Sunday, November 10, 2013

The Ten Principles of Optimality: Beyond Both the Obvious and the Paradox

Life’s greatest feature is that it requires individuals to execute things which are obvious on one hand and balance seemingly opposing points of view on the other. This is true for organizations as well. Some would characterize this as management of the obvious and the paradox in life. Obvious is something that is easy to see or understand. It is also something which most people would think of or agree to. The natural expectation, therefore, is that individuals and organizations would think of or do the obvious most of the times, if not always. Paradox is a statement or situation containing two opposite ideas that make it seem impossible or unlikely, although it is probably true. For example, ‘More haste, less speed’ and ‘Hasten slowly’ are two of the well-known paradoxes. The expectation here is that one should negotiate the paradoxes of life.

A little more distilled view of life would reveal that nothing is as obvious or paradoxical as it would seem. For example, healthy diet and rigorous exercise together constitute the key to good life. Few people, however, practice either of the two. Similarly, it is paradoxical that even the most educated tend to be most ill-informed about certain responsibilities or developments. Both obviously and paradoxically, therefore, there exist certain individual, familial, social, economic, demographic and cultural factors that make individuals and organizations deny the obvious and succumb to the paradox. As these macro aspects are neither a matter of choice nor amenable to modification, individuals and organizations must follow their own principles of deriving optimality in life, looking beyond the obvious and rising beyond the paradox. Here are such ten principles.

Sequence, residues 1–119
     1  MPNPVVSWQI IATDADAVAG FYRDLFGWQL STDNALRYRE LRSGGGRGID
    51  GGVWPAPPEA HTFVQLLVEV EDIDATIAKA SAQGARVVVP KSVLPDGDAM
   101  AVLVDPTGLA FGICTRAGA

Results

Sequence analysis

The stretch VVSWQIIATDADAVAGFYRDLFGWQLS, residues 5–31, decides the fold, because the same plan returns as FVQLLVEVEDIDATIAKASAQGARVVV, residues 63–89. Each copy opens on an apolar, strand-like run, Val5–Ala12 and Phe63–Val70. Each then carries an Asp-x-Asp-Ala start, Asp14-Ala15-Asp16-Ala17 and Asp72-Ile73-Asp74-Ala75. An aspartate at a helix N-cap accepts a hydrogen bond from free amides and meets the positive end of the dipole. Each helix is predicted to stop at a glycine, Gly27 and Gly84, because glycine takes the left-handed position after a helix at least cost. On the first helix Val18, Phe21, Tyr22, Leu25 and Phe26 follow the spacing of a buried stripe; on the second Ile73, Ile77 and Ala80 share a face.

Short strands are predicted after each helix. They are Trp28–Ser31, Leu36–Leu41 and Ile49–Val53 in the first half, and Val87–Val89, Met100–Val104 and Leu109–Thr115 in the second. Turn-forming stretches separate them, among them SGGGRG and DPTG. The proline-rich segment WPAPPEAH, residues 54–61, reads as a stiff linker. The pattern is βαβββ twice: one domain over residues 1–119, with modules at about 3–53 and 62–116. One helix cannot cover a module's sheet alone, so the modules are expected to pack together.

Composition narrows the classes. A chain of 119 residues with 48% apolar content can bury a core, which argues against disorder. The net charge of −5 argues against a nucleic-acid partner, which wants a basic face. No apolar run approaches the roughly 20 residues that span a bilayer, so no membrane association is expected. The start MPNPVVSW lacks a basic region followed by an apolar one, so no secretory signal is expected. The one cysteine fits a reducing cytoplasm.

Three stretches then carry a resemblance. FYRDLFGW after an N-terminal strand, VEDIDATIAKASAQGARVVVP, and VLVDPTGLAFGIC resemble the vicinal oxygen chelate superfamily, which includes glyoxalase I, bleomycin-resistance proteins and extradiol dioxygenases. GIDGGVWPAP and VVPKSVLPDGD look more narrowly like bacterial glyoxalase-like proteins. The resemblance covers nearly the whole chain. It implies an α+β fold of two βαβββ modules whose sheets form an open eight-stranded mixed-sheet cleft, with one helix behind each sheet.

1. Productive safety, Safe productivity
Most inventions of the human race are intended to increase speed and productivity, and in that effort carry intrinsic safety issues. The pedal bicycle and the motorized two-wheeler are the two prime examples of the speedup options carrying inherent risks of accidents. Almost all sports, except mind games, involve the risk of injuries. Yet, the human race keeps pushing the envelope with Formula 1 races and such other events. Similarly, plant and equipment are constantly upgraded to turn out more parts per minute imposing more pressures on materials and men. Technology and practice fortunately provide several risk mitigating options to increased speed and productivity. Doing nothing or status quo will never be an answer in the path of progress. Embedding safety in product and process design, and accepting productive safety or safe productivity as an operational paradigm is an enabler of optimality. 
2. Purposeful Quality, Qualitative purpose
Quality is the ultimate governor of product design and operational excellence. Quality sets the limits of design excellence but quality has also to examine what is fit for purpose. For example, would it be sensible or viable to design an instant food product to last five years? Pursuit of perfectionist quality without regard to usage characteristics would be a profligate use of resources. The purpose must first be established to define the quality standard. A most exotic vaccine would be powerless in a rural market of emerging country compared to a normal vaccine that can tolerate the high temperature conditions. Quality has to be interpreted purposefully in terms of a larger ecosystem and there could be occasions when the entire product paradigm would need to be reconfigured. For example, if a frozen vaccine provides unmatched benefits, logistics need to be reworked to transport toddlers and kids to cold storage centers rather than transporting vaccines unreliably to diverse habitats. Qualitative purpose is as critical as purposeful quality.  
3. Creative conformity, Conformist creativity